Constructive Dismissal 

Constructive dismissal happens where an employer fundamentally breaches your contract of employment and you resign in response to that breach. If this happens, you can make a claim to the Employment Tribunal.  

There isn’t actually a dismissal 

The term constructive dismissal is somewhat misleading in that there is no dismissal in this kind of case; rather the employee resigns in response to the employer’s conduct. There is an obligation on the employee to prove the equivalent of a dismissal: that the employer’s conduct was so serious as entitle the employee to leave immediately. 
If you have been dismissed, you should consider whether you have a claim for unfair dismissal or wrongful dismissal

Criteria for making a claim of constructive dismissal 

There must be a breach of the employee’s contract.  
The breach must be sufficiently serious to justify the employee leaving or it must be the last in a series of events which, cumulatively, entitle the employee to resign.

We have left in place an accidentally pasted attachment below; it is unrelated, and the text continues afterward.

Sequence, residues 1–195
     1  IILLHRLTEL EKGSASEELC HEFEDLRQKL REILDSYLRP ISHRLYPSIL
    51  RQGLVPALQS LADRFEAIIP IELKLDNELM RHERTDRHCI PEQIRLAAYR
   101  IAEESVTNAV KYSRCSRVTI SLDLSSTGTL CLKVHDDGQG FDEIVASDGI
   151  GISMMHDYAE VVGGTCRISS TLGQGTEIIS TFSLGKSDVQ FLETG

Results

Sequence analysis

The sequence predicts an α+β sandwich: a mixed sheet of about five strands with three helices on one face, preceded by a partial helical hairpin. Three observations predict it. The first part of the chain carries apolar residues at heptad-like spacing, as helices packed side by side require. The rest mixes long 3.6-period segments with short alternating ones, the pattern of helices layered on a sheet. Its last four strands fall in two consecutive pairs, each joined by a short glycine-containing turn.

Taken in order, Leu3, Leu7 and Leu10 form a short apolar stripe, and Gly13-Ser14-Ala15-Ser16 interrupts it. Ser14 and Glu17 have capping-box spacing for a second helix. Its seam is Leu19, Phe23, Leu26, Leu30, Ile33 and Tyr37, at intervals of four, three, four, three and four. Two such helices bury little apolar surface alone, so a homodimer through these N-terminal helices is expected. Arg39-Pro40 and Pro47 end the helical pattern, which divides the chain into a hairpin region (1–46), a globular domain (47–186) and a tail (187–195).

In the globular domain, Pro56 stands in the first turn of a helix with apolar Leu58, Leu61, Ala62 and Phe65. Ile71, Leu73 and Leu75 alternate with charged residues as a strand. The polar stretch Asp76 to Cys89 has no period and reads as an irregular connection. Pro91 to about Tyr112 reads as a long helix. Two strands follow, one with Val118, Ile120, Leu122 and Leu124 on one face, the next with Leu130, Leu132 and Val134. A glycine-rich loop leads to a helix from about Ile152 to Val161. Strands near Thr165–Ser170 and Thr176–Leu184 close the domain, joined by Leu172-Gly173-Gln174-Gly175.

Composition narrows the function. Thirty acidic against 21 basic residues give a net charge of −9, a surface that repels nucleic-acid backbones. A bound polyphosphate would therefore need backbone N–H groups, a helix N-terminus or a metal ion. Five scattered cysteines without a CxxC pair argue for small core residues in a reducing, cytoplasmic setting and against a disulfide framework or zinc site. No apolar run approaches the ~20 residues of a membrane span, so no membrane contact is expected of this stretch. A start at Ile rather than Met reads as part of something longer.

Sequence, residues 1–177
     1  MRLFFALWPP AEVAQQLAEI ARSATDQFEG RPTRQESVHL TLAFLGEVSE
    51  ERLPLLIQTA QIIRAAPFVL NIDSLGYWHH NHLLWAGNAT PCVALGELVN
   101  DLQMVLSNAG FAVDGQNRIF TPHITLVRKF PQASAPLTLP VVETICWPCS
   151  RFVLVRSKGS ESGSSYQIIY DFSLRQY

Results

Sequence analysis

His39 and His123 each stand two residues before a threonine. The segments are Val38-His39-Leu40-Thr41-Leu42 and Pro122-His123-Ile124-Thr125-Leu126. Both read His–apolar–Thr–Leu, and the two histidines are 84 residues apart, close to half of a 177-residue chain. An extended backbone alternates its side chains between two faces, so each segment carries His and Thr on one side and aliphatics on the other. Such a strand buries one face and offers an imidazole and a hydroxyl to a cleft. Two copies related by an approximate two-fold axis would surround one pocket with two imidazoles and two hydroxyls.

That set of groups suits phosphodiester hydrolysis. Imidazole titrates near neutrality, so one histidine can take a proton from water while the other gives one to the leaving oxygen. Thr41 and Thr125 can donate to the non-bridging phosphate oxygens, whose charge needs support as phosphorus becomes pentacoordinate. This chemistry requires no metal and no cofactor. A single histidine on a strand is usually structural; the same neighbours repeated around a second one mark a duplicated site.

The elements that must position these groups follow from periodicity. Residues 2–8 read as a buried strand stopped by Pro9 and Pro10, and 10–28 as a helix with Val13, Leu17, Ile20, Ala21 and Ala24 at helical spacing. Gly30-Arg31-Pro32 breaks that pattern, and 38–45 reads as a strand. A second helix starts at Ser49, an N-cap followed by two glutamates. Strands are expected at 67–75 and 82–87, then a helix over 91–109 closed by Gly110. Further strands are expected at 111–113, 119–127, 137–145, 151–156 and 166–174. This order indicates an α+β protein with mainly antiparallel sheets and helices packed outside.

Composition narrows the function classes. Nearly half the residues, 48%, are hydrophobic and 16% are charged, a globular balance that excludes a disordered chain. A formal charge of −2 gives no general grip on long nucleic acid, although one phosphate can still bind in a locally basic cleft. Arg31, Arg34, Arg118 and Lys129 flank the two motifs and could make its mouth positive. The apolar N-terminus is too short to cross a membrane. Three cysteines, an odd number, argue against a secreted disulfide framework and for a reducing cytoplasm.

The employee must leave in response to the breach and not for an unconnected reason. 
There must not be a significant delay between the employee’s resignation and the breach otherwise the employee will be treated as having waived the breach. 
In most cases an employee can only make a claim of constructive dismissal if they have worked for their employer for two years’ in continuous employment. There are exceptions, for example if the breach of contract is because of discriminatory behaviour. 

The breach of the contract of employment 

A claim of this type is not about the fairness of an employer’s conduct or its unreasonableness as such. It is about whether the employer broke an important term of the employee’s contract.  
The fairness of the employer’s conduct may have a part to play in deciding whether a breach has occurred, but a successful claim depends on the employee’s contract and whether it has been broken. 
It is not necessary for the employee to have a written contract to make a claim of constructive dismissal. If an employee is employed then a contract exists whether its terms are written down or not. Any terms that aren’t expressly agreed in writing may be implied by law. For example, a term that an employee will be paid for the work for which he or she is employed (and has carried out) will always exist, even if it hasn’t been put into writing.